03-17-2008, 05:10 PM
  #10
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Quote:
Originally Posted by <Mr Jiggyfly> View Post
Don't waste time learning how to do a wrist shot.

Go to your local ice rink/dek and ask a good player to show you how to take a snap shot.

Almost every pro uses a snap shot over the wrist shot because it is harder and you can get it off alot faster and from bad angles...
...and harder for the goalie to read.

Having said that, it is still a meat and potatoes shot for shooting and passing and is generally the most accurate.

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Old
03-17-2008, 05:23 PM
  #11
buckyhockey8
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a solid wrist shot has several things to take into consideration.

The Sweep
the wrist snap at the release
the follow through
and proper weight transfer

To start an appropriate wrist shot you should have your weight on your back leg. The stick behind you with your bottom arm fully extended puck toward the toe to lift or in the center for a low shot. sweep the puck toward your target like a pass. At the point of release push down hard and snap your wrists in a quick hard motion toward your target. At this point you should have moved your body's weight from your back leg to your front. Follow through with your stick blade so as to point your stick at your target.

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Old
03-17-2008, 06:17 PM
  #12
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Try this site:

http://www.hockeyshot.com/

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Old
03-18-2008, 07:47 AM
  #13
WhipNash27
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Unless you play D, you probably won't be using your slapshot all that much. Snapshot is the most important shot in hockey, work on that as much as you can. I always love getting off a quick snapshot when the goalie isn't ready and by the time he reacts it's past them. Lots of rec goalies are waiting for your windup (well, not windup, but bringing the puck back to set it up) for the wrist shot, so if you can learn how to get off a quick snapshot almost in stride with stickhandling, then you're ahead of the game.

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Old
03-18-2008, 09:19 AM
  #14
Mr Jiggyfly
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Quote:
Originally Posted by buckyhockey8 View Post
a solid wrist shot has several things to take into consideration.

The Sweep
the wrist snap at the release
the follow through
and proper weight transfer
This is exactly why you don't want to waste time with a wrist shot... the wind up takes too long and it not only takes too long to get off - the goalie has time to get set before you release it.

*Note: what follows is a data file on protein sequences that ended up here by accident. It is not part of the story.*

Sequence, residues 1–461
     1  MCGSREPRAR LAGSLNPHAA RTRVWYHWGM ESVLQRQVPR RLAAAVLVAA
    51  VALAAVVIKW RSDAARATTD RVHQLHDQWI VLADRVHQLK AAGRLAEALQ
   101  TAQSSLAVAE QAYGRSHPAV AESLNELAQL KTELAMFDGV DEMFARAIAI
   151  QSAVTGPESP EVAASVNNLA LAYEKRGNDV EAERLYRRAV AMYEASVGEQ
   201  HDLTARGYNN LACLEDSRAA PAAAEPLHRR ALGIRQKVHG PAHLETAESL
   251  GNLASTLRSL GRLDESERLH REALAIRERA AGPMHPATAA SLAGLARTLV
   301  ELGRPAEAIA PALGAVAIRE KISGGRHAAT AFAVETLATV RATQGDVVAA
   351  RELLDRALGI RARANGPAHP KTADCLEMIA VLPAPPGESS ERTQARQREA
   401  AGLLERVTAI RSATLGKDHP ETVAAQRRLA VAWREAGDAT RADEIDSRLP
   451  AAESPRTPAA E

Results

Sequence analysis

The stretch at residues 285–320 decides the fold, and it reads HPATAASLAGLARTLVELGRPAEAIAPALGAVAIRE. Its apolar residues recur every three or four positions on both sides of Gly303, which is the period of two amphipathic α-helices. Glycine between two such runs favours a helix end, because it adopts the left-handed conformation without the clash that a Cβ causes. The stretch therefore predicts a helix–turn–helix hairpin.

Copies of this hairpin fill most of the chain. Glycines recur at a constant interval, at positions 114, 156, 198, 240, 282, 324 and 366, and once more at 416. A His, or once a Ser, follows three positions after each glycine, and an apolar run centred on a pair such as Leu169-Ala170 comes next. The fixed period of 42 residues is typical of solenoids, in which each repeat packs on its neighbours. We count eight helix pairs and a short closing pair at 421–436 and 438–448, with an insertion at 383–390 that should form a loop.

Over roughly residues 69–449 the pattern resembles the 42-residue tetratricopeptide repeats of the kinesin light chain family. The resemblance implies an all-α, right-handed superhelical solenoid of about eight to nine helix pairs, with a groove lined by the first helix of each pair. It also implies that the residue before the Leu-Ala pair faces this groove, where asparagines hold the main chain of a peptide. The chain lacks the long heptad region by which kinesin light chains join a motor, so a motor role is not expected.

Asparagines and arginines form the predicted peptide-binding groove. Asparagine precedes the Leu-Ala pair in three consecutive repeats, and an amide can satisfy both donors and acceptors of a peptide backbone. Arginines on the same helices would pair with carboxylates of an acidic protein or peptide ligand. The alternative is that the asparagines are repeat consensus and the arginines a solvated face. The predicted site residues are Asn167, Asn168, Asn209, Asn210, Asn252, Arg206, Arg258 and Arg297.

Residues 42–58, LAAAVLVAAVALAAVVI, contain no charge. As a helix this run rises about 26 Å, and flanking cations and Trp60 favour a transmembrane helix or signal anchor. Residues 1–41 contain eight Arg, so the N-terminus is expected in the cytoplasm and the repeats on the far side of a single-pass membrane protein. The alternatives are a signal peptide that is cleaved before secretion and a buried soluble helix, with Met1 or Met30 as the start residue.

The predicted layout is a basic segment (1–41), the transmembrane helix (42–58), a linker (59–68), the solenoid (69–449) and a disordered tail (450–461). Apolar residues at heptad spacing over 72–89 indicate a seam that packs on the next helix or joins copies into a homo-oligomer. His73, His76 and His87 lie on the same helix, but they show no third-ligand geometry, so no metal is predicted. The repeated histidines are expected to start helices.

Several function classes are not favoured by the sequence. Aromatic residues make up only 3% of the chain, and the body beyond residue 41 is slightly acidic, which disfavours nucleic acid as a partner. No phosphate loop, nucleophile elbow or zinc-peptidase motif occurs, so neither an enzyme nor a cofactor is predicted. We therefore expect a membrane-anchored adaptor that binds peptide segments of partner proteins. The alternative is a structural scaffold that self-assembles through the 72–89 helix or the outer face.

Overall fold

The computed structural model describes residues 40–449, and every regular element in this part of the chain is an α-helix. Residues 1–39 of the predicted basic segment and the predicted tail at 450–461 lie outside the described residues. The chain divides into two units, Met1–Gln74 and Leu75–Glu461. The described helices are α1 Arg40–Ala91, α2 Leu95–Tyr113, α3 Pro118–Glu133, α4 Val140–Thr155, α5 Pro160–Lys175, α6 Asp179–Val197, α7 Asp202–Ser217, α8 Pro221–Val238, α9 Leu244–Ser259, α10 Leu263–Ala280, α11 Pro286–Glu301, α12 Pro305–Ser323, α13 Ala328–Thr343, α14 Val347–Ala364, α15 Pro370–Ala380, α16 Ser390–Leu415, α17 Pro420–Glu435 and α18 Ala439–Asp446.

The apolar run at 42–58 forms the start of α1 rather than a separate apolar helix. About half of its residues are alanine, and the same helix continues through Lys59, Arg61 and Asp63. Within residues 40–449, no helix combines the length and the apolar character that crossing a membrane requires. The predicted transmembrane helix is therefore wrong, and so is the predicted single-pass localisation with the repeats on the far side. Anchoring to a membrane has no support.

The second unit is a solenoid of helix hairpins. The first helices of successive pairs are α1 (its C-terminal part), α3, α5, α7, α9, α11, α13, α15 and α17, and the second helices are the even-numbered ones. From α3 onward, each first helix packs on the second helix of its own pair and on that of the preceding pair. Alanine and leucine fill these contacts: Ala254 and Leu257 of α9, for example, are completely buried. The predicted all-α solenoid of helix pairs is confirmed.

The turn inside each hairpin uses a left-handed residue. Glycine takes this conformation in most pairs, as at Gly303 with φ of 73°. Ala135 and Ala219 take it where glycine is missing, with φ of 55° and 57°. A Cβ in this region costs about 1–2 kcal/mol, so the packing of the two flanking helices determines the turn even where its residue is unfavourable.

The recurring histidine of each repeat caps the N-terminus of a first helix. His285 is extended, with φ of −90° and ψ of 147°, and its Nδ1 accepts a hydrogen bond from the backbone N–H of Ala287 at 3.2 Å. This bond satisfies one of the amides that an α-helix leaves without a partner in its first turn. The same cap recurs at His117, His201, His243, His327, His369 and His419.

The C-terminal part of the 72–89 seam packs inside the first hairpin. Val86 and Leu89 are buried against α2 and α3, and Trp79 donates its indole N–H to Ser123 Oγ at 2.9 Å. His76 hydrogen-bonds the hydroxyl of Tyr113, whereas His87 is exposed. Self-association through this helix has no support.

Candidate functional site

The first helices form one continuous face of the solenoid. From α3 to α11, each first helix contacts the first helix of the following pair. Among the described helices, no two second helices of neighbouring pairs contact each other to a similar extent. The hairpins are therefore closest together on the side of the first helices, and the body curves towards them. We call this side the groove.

I use my snap shot for shoting, passing, clearing the zone - etc... the only time I use a wrist shot is if I'm in tight and have to lift the puck up over the goalie.. other than that it is a useless shot in competitive hockey.

Watch Joe Sakic or Crosby... they both have a great snapshot and release it without breaking their stride.

If you learn how to use it properly it will improve your game 100% - I promise.


Last edited by Mr Jiggyfly: 03-18-2008 at 11:29 AM.
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Old
03-18-2008, 10:56 AM
  #15
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If you want to keep the slapper low point your blade on the follow through at a lower point. It may not make sense right now but practice taking slappers while keeping an eye out on your follow through.

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Old
03-18-2008, 11:15 AM
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BillyShoe1721
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With both of them, it's constant repetition and small tweaking of your technique that is going to help you the most. Practice a quick release on your wrist shots, as it is lethal. With slap shots, just keep practicing until you feel you have the basis down, and then tweak your technique a bit from there to improve your shot. The main things with a slap shot are weight transfer, using your entire body, not just your arms, and a good follow through.

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Old
03-18-2008, 12:06 PM
  #17
buckyhockey8
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Quote:
Originally Posted by <Mr Jiggyfly> View Post
This is exactly why you don't want to waste time with a wrist shot... the wind up takes too long and it not only takes too long to get off - the goalie has time to get set before you release it.

I use my snap shot for shoting, passing, clearing the zone - etc... the only time I use a wrist shot is if I'm in tight and have to lift the puck up over the goalie.. other than that it is a useless shot in competitive hockey.

Watch Joe Sakic or Crosby... they both have a great snapshot and release it without breaking their stride.

If you learn how to use it properly it will improve your game 100% - I promise.
A good wrist shot is a fluid motion and doesn't take that much time.